Tonight as I write, the wind is howling and snow is falling for our first winter storm in Kentucky this year. Every time the mercury falls way below freezing and the icy winds blow, I think of the homeless and pray they find warm shelter.
A poem I learned at school a long, long time ago comes to mind. The Old Woman Of The Roads is the prayer of a homeless woman, longing for a little house to call her own.
The words of this poem will probably resonate through my head until I am old and gray. I couldn’t remember the words of a song I heard yesterday if you paid me, but poems from my youth come easily. Perhaps this is because I committed them to memory when I was young. Or perhaps these simple words struck a nostalgic chord in my heart and therefore became part of me.
The Old Woman Of The Roads
Oh to have a little house!
To own the hearth and stool and all!
The heaped up sods upon the fire,
The pile of turf against the wall!
To have a clock with weights and chains,
And pendulum swinging up and down!
A dresser filled with shining delph,
Speckled with white and blue and brown!
I could be busy all the day
Cleaning and sweeping hearth and floor,
And fixing on their shelf again
My white and blue and speckled store!
I could be quiet there at night
Beside the fire and by myself,
Sure of a bed and loath to leave
The ticking clock and the shining delph!
Och! but I’m weary of mist and dark,
And roads where there’s never a house nor bush,
And tired I am of bog and road,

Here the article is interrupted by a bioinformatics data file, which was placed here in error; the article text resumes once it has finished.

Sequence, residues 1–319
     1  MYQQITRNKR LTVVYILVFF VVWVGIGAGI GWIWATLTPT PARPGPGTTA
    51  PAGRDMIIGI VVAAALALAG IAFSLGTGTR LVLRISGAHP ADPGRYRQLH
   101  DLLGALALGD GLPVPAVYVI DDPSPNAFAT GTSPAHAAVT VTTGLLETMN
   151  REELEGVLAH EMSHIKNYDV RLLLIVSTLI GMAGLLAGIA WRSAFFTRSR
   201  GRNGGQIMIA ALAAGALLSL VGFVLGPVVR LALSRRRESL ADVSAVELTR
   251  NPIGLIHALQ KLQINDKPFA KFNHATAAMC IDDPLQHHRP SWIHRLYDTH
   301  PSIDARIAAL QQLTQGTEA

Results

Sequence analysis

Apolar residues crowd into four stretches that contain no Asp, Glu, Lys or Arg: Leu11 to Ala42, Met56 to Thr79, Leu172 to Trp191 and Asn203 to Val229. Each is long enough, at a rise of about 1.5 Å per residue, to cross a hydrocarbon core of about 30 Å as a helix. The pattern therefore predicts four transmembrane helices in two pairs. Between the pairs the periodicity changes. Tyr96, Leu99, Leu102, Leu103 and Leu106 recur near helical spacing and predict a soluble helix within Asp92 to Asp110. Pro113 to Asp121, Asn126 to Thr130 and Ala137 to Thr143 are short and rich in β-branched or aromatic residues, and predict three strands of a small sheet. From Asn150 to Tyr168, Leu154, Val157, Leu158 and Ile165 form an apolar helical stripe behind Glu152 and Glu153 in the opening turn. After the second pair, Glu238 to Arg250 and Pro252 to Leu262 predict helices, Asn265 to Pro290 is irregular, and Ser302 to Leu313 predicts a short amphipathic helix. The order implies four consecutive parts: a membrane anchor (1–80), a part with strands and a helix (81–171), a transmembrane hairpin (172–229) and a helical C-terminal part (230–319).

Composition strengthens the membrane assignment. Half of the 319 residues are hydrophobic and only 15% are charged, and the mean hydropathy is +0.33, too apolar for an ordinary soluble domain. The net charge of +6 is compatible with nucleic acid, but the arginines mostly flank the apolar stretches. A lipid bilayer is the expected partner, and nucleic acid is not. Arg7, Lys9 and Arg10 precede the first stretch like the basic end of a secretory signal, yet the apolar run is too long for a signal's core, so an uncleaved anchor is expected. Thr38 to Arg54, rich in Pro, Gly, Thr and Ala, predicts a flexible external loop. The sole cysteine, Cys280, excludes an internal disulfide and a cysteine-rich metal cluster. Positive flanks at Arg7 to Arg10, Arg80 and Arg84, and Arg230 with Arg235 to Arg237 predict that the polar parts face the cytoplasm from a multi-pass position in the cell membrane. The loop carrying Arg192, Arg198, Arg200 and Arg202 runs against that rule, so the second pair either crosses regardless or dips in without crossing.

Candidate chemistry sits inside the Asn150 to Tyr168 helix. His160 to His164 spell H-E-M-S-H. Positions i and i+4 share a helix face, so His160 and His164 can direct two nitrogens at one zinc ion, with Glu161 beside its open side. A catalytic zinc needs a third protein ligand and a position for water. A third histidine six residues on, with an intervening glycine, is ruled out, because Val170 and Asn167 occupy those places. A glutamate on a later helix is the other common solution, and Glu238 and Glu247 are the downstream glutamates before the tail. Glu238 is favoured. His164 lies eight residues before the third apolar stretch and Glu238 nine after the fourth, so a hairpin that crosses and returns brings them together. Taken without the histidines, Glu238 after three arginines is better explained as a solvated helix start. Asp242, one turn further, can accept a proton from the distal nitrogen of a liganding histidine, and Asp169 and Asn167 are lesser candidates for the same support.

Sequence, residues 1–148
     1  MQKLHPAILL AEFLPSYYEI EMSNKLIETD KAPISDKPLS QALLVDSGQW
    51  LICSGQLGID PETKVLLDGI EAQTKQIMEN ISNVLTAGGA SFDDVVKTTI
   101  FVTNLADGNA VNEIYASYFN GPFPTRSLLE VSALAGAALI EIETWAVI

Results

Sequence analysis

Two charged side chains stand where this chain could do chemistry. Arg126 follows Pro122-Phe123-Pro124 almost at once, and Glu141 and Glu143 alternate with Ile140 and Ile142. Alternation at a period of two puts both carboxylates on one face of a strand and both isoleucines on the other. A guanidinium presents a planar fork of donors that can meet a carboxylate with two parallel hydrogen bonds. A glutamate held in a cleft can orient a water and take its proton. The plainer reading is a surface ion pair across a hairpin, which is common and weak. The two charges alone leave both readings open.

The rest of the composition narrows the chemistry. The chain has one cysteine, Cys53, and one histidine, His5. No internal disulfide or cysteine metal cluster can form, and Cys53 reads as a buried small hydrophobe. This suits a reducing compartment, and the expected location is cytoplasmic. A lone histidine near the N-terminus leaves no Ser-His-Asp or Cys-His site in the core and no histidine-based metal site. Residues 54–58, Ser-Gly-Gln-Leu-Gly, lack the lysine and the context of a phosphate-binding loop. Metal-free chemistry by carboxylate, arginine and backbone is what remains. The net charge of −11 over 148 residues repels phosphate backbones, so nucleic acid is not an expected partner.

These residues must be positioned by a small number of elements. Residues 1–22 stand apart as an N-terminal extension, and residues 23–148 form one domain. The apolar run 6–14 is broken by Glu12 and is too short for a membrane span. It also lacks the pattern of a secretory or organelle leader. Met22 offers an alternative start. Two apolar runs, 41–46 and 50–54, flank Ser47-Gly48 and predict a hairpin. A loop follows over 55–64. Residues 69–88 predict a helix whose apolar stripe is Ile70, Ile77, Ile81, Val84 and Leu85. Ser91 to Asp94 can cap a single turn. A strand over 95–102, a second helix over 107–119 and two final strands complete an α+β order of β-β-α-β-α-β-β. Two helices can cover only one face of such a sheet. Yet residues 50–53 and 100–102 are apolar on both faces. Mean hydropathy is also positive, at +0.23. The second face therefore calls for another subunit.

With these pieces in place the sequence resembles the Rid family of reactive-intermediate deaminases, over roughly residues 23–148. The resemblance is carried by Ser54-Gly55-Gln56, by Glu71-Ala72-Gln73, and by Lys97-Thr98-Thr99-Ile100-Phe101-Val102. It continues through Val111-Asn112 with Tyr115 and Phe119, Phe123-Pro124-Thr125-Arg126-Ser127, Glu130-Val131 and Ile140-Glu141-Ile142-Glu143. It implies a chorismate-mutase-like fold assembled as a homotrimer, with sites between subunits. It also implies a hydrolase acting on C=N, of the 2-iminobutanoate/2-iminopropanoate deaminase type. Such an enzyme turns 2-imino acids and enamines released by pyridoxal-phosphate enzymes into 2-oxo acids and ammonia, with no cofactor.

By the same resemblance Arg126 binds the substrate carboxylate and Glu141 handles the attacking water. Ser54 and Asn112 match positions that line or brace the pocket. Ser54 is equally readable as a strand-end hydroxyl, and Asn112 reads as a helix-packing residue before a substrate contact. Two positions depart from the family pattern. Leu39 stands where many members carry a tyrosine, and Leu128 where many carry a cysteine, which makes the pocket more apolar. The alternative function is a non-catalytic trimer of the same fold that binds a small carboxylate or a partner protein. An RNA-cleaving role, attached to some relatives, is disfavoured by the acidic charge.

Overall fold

And the crying wind and the lonesome hush!
And I am praying to God on high,
And I am praying Him night and day,
For a little house – a house of my own –
Out of the wind and the rain’s way.
By Padraic Colum
Every time I hear these words I think of my Granny’s house in County Cork. It was everything the old woman of the roads ever prayed for. Blue and white willow pattern plates adorned the dresser, a cuckoo clock ticked and chimed, echoing through the warm cottage. The air was tinged with the sweet smell of a turf fire, and an ever-boiling kettle hung on a blackened hook above the lapping flames.
My Granny lived the simple life this old woman yearned for. Perhaps, because I knew every corner of her dream house, this old woman’s unfulfilled prayer made me sad as a little girl. Now that I am a grown woman, I am thankful for her lesson. It has made me more aware of the plight of so many homeless people here in America and around the world.
Tonight as the wind blows, and the ice sheets form, I pray that my fellow Kentuckians, who are homeless on this bitter night, may find a place to lay down and rest, out of the wind and the snow’s way.
Slán agus beannacht,
(Goodbye and blessings)
Irish American Mom